Industry experts from Zeiss, Alcon, Allergan, Aerie Pharmaceuticals, and JNJ Vision agreed that technology is ready for applications like remote patient monitoring, so why have we not seen broad implementation?
Digitized diagnostics and monitoring tools are established or in-development for a majority of the most prevalent eye diseases. App-based visual acuity tests are the easiest to implement and are potentially valuable to many indications (e.g., Novartis’ FocalView app for clinical trials). Smart phone-based fundus photography tools have also been developed for remote diagnosis of retinal diseases. Similar advances have been made in remote intraocular pressure (IOP) monitoring via handheld devices or implantables.
With an insufficient number of US ophthalmologists available to treat and monitor the growing number of eye care patients, remote monitoring is an attractive way to shift less complex visits away from the office. Aerie Pharmaceutical’s President Tom Mitro suggested such disease monitoring solutions would be particularly attractive for asymptomatic diseases like glaucoma where payers could benefit from fewer IOP monitoring visits. Furthermore, with millennials driving the trend toward convenience and user experience centered around the smartphone, remote monitoring seems like an obvious solution to improve convenience and provide real-time insights to self-manage between visits. Remote diagnostics and monitoring are seen more as a way to triage patients better before arriving at the physician office than as a threat to eye care professionals, and technology is not seen as a barrier to use by the older population (>60 yrs. old) who are most at risk of developing eye diseases.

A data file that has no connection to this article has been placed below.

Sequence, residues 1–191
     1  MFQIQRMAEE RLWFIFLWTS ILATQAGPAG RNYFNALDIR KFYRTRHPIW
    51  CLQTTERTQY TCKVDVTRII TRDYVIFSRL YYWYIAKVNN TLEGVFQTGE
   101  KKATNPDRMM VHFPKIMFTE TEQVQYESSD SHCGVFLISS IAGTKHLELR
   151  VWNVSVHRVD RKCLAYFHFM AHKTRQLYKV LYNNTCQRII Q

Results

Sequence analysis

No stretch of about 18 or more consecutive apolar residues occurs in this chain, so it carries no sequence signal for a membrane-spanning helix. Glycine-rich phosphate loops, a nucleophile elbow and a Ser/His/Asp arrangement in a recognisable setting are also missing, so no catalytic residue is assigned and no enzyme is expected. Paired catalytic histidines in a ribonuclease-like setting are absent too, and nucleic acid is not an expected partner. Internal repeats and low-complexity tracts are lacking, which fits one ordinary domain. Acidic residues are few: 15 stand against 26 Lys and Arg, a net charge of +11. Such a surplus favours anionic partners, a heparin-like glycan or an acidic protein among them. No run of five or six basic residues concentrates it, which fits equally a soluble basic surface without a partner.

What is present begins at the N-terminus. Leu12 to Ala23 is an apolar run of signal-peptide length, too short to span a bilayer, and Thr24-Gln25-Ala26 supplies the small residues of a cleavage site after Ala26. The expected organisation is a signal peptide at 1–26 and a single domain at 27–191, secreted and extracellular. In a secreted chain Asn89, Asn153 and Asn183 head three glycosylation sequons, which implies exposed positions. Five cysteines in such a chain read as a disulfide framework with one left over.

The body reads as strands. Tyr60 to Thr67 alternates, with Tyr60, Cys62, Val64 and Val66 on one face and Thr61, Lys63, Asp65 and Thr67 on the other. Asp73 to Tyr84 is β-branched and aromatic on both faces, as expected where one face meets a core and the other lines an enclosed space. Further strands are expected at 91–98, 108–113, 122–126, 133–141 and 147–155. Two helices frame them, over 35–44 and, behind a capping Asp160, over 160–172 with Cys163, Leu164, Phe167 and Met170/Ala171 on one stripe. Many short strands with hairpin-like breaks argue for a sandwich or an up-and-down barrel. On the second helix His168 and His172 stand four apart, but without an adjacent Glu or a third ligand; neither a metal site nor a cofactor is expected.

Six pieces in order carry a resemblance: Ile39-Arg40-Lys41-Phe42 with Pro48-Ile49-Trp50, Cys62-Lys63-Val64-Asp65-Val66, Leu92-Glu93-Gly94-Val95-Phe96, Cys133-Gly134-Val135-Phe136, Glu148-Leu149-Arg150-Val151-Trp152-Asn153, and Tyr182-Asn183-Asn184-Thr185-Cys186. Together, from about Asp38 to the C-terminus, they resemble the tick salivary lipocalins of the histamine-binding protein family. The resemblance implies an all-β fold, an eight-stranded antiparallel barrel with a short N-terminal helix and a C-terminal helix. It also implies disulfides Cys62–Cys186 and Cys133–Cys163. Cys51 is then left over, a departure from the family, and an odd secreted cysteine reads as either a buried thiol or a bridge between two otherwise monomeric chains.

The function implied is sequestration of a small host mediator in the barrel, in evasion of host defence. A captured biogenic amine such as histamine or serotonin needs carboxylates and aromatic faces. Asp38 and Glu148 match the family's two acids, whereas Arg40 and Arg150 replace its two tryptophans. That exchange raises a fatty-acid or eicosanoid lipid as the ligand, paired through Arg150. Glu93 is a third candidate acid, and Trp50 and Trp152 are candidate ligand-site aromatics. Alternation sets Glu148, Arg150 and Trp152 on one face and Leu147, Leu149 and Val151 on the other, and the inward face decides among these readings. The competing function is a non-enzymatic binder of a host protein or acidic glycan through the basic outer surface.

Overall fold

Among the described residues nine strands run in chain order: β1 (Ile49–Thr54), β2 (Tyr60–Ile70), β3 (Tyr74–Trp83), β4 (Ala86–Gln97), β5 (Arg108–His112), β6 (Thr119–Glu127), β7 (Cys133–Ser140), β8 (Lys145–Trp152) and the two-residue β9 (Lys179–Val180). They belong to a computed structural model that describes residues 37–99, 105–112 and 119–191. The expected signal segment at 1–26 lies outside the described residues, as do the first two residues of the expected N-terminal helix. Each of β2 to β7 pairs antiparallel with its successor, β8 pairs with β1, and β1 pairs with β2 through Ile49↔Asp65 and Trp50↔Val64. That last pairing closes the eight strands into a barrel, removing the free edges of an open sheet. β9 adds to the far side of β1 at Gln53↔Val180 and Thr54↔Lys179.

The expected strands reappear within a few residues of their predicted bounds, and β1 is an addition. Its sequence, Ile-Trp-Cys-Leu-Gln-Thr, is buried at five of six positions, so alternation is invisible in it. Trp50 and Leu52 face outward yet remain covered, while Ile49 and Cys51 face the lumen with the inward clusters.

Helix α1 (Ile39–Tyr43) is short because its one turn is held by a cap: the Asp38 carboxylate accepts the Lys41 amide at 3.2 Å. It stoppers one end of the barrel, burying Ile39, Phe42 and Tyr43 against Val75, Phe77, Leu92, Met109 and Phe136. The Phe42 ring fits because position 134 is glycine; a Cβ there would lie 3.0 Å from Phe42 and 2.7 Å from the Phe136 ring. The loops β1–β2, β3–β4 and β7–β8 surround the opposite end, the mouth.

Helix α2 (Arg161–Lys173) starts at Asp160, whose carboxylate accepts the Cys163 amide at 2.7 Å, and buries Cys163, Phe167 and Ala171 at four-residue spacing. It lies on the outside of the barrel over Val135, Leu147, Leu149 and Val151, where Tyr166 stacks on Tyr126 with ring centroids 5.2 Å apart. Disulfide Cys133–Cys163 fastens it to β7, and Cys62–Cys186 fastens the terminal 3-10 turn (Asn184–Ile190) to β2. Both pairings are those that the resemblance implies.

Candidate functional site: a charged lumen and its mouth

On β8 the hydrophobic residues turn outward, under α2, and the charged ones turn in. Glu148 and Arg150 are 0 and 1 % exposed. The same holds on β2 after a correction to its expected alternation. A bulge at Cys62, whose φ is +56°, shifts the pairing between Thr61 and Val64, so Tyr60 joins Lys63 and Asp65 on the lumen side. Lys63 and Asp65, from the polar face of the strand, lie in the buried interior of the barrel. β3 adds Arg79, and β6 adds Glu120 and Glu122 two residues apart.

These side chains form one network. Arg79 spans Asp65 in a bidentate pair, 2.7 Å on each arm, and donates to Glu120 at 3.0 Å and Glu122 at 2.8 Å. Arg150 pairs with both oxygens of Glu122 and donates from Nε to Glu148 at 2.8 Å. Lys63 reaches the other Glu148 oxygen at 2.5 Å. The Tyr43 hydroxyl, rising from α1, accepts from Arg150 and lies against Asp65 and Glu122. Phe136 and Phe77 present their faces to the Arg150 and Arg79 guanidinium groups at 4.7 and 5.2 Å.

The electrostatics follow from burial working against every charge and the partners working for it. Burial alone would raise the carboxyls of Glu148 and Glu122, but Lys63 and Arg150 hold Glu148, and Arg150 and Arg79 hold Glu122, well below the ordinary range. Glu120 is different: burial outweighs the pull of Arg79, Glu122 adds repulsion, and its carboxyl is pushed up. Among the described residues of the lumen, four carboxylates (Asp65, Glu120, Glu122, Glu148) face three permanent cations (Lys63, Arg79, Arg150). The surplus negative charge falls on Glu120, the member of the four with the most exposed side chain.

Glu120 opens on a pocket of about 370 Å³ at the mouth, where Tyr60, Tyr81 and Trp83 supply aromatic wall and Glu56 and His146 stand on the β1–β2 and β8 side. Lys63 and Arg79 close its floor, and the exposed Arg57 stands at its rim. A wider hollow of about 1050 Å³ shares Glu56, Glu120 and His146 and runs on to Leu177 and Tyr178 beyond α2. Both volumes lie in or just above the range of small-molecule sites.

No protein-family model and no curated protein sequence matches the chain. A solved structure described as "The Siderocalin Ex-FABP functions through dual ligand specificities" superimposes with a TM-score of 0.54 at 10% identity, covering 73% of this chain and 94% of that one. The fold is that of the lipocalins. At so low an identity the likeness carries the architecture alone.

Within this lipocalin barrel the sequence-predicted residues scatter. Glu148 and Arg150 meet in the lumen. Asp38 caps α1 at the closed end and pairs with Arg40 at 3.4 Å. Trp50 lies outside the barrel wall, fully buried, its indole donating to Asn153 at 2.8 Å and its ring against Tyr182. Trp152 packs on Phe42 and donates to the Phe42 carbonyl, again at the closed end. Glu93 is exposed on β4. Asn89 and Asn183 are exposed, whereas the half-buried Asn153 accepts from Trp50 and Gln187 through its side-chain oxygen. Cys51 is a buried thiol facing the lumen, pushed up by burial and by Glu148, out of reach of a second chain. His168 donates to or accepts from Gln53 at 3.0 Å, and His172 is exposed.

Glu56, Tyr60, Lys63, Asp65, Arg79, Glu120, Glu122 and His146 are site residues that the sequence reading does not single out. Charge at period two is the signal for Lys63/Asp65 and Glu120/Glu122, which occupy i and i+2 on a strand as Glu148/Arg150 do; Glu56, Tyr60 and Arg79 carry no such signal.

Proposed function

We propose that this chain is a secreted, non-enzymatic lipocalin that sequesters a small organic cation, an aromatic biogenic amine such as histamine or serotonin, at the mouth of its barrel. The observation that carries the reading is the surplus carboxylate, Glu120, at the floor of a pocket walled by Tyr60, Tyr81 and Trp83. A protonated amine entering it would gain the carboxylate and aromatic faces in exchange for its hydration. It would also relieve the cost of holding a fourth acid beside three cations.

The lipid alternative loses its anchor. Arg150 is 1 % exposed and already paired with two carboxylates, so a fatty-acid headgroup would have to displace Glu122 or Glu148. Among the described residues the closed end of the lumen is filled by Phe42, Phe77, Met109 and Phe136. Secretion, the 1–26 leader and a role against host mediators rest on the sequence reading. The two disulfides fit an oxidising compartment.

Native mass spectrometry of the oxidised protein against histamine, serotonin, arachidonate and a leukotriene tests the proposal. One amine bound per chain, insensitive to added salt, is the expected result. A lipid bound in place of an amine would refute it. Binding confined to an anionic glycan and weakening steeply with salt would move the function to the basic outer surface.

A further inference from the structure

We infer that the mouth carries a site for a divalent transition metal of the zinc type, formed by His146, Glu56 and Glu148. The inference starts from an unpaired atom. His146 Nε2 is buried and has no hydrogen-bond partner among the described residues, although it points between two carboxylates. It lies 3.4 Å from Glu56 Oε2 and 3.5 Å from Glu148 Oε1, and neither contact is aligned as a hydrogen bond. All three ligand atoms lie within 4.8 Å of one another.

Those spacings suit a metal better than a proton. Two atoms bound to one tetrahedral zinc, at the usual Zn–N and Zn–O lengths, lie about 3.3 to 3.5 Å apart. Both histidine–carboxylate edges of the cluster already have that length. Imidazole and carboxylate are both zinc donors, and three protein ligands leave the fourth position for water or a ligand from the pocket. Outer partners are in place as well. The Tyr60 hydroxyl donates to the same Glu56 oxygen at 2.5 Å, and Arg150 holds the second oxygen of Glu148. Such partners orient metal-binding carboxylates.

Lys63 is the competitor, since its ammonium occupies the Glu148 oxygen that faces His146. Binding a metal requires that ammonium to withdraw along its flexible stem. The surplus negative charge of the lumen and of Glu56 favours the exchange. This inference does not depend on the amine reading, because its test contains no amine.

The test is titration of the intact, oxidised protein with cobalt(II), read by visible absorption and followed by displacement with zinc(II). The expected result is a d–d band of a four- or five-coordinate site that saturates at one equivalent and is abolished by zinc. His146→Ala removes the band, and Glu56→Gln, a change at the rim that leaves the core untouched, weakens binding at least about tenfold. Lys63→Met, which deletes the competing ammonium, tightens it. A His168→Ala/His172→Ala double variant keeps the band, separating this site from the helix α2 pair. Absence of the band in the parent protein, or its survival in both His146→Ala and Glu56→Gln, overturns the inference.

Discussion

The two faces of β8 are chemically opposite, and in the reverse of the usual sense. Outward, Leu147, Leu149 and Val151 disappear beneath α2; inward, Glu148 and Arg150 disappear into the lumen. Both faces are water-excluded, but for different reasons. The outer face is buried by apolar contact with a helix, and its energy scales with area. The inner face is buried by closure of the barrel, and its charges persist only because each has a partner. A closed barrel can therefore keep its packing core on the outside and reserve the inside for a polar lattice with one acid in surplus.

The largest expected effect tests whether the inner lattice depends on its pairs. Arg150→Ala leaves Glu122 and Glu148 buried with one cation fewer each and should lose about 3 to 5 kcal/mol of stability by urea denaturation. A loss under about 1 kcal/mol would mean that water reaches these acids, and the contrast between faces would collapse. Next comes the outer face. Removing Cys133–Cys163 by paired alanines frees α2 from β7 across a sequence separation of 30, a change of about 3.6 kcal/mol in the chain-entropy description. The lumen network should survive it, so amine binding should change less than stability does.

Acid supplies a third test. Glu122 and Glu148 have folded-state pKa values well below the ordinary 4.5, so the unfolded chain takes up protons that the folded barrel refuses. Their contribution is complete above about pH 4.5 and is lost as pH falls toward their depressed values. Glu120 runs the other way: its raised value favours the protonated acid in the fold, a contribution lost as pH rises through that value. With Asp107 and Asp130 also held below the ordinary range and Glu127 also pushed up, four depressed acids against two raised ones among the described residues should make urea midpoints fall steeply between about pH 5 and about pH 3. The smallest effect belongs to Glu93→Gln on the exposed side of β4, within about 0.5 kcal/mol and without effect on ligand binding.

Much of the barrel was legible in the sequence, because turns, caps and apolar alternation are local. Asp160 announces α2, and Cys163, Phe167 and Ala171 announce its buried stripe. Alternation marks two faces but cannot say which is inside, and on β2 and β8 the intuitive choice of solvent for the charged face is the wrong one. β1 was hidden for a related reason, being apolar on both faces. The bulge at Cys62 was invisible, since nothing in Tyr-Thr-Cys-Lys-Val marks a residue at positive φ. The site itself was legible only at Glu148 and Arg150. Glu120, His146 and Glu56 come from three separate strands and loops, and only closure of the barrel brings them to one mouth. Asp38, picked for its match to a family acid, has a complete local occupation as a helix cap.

If physicians and patients are both on-board, payers remain the last major stakeholder to convince. Unfortunately, attractive reimbursement and profitable business models are a common challenge for companies offering digital health solutions. Despite strong interest, remote monitoring companies will have to demonstrate improvements in cost and/or clinical outcomes before payers will be willing to reimburse the technology and/or interpretation of such data.
It was refreshing to see the passion that industry leaders, innovators, and clinicians had for solving some of the most challenging problems in ophthalmology today. Health Advances left the conference armed with the latest thinking and insights in this exciting therapeutic area, and we look forward to sharing these with our clients.
About The Authors
Patrick Symmonds is a Consultant at Health Advances and a member of the firm’s Ophthalmology Practice. He regularly researches the glaucoma and ophthalmology rare disease markets.
Jeni Takasumi is a Consultant at Health Advances and a member of the firm’s Ophthalmology Practice. She regularly researches the market for various retinal diseases.
Health Advances provides growth strategy consulting services to all types of organizations working across a broad range of clinical areas, including organizations participating in the eye care ecospace, and investors in those companies. Our Eye Care Specialty Practice members stay abreast of the emerging data and expert perspectives on emerging technologies and the market dynamics to support developing the most forward-looking insights and implications for our clients.